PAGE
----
About hand eczema

Person scratching hand eczema
Person scratching hand eczema

Hand eczema is one of the most common types of eczema. It mainly affects the palms but can also affect other parts of the hand. The main symptoms are dry, itchy and red skin affecting the whole hand, including the fingers. Other symptoms include cracking, soreness and bleeding. In some cases, blisters develop. The skin is generally dry, scaly and thickened, and the fingers can become swollen when the eczema is flaring. If the eczema is severe over a long time, the hands can become very painful, making it difficult to carry out day-to-day tasks such as doing up buttons, holding a pen or using a computer.

What types of hand eczema are there, and how are they caused?

Coming into contact with irritants such as dust, detergents, cleaning agents, airborne sprays or even just frequent hand-washing can cause irritant hand eczema (irritant contact dermatitis of the hands).

Allergic hand eczema (allergic contact dermatitis of the hands) arises as a result of an allergic reaction to a particular substance in the environment. It is possible to be allergic to a number of different substances, but common causes of contact sensitivity include nickel, fragrances, preservative chemicals, rubber and various plants, amongst other things.

Pompholyx eczema (also known as dyshidrotic eczema/dermatitis) is another type of eczema that affects the hands (and feet). Usually pompholyx eczema involves the development of intensely itchy, watery blisters, mostly affecting the sides of the fingers, the palms of the hands and soles of the feet. The onset can be sudden and the cause is unknown, although it is thought that factors such as stress, sensitivity to metal compounds (such as nickel, cobalt or chromate), heat and sweating can aggravate this condition.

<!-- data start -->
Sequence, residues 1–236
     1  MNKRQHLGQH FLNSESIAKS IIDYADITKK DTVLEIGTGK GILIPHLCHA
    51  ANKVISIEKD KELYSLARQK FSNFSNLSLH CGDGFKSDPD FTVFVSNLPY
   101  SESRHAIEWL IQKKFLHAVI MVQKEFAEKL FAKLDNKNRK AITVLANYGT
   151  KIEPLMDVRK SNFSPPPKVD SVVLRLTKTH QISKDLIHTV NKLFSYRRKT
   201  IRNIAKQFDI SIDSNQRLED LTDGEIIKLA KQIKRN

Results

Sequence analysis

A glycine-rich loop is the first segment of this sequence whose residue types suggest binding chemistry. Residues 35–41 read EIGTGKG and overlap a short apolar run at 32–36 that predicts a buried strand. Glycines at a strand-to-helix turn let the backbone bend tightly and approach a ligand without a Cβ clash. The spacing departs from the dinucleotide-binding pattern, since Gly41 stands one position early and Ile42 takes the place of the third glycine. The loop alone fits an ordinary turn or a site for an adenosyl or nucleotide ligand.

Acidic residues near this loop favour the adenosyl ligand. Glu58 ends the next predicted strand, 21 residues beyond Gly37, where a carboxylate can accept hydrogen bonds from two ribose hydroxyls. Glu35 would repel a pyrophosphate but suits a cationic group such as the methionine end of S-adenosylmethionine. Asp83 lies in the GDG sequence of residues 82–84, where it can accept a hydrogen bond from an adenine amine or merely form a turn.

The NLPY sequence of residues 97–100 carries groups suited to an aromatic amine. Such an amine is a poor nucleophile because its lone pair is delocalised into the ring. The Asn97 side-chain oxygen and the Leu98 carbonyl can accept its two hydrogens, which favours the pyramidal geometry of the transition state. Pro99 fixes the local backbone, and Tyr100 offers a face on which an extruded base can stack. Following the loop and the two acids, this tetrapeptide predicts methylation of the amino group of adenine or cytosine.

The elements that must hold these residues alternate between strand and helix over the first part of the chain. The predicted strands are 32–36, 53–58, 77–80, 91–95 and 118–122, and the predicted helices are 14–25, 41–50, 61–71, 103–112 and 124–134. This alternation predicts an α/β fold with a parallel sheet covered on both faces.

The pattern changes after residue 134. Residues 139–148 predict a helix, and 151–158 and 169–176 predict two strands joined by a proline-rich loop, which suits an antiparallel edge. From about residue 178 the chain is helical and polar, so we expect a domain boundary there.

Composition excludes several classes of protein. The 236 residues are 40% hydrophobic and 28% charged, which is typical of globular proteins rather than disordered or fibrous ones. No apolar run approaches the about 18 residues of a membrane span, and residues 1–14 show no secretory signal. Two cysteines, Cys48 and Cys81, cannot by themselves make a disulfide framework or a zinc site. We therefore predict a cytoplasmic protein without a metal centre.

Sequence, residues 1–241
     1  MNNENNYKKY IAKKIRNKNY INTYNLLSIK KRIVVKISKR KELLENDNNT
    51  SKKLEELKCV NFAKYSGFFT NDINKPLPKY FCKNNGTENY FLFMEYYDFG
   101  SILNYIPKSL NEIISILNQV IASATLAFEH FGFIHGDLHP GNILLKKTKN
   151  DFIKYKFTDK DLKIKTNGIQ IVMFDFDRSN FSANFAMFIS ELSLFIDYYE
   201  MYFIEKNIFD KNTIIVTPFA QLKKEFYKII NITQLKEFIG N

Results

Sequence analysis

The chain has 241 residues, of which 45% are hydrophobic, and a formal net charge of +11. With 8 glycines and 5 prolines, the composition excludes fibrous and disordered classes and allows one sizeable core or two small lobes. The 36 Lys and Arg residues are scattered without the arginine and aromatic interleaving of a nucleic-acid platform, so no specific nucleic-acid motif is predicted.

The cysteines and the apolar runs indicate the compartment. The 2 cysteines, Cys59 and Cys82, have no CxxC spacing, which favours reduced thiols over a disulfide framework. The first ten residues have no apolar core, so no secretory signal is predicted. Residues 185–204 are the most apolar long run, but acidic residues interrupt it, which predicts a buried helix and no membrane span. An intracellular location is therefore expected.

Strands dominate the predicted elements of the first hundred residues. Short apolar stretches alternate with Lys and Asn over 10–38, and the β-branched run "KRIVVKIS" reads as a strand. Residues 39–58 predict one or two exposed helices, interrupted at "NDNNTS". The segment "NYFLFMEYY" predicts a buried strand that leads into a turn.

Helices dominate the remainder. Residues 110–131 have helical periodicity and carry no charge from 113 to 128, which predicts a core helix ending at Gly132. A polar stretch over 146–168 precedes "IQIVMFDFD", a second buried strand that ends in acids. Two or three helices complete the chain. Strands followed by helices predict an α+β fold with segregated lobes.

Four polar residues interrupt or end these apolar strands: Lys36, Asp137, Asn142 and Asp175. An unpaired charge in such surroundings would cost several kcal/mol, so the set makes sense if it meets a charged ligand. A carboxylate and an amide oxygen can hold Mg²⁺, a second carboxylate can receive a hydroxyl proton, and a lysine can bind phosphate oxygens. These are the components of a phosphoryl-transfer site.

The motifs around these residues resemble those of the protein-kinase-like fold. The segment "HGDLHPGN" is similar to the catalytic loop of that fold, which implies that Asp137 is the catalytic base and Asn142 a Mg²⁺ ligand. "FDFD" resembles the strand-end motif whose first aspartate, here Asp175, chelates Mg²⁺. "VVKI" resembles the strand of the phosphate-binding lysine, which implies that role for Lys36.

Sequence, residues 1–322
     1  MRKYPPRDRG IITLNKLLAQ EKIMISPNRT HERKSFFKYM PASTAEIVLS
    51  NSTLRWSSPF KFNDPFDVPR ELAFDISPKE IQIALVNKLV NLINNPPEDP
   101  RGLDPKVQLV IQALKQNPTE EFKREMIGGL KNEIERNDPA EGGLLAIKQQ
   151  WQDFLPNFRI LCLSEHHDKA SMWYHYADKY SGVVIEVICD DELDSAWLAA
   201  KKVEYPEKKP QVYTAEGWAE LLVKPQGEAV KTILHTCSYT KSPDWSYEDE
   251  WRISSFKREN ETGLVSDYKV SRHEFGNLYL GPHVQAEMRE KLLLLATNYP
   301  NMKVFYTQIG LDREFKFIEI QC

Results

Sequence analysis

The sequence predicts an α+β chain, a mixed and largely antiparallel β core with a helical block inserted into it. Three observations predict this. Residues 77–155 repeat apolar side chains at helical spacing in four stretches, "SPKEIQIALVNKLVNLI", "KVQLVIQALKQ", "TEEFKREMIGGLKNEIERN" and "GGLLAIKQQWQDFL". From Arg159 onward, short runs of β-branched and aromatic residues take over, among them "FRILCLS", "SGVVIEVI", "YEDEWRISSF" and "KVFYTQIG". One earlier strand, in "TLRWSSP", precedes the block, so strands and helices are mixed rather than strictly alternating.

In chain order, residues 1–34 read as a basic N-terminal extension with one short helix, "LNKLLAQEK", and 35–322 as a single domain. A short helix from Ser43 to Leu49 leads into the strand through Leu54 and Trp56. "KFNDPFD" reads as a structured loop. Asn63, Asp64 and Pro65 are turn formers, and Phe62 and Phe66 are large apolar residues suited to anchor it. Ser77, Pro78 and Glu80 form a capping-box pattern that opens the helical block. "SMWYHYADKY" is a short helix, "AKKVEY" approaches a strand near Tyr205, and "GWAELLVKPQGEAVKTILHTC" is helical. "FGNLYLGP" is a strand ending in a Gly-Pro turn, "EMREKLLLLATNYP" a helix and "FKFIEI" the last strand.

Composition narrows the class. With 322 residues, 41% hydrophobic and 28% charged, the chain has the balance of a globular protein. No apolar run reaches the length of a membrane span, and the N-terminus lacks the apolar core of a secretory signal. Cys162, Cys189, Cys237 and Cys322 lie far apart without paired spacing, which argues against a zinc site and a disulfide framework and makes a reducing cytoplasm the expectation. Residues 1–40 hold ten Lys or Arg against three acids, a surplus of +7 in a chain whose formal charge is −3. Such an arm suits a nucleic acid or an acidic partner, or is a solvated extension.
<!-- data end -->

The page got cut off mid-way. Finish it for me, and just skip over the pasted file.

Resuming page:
How is it treated?

It is important to avoid any relevant irritants or allergens, and apply emollients and topical steroids as necessary.

Emollients (medical moisturisers) are the main first-line treatment for eczema and are necessary to keep your skin moisturised. Emollients can be bought over the counter in pharmacies and some supermarkets, or supplied on prescription. There is a wide range of emollients, which vary in their levels of greasiness. The dryer the skin, the greasier an emollient is needed. Ointments are the greasiest type of emollient. It can help to apply an ointment before bed and wear cotton gloves overnight.

A leave-on emollient or an emollient soap substitute should be used for washing, since soap de-greases the skin and can also act as an irritant. It is a good idea to carry around a small dispenser of emollient to use for handwashing during the day, so you can avoid detergent hand washes. [While Covid-19 remains a threat, we are recommending that people wash their hands with soap, as soap is more effective than emollient at breaking the lipid envelope surrounding coronavirus particles, and removing the virus from the skin.]

Topical steroids are the most common treatment for inflammation in eczema. They should be used according to the instructions of your GP. Hands usually require stronger steroids (the skin of the palms is thick), so potent topical steroids are usually prescribed (moderately potent for children). They should be used for a short treatment burst, generally 2 weeks. If the skin is infected, you may be prescribed an antimicrobial treatment in the form of a cream or a tablet.

Treatments for severe hand eczema that has not responded effectively to emollients and potent topical steroids include phototherapy and the drug treatment alitretinoin (Toctino).

For more information on hand eczema, please see our Hand eczema factsheet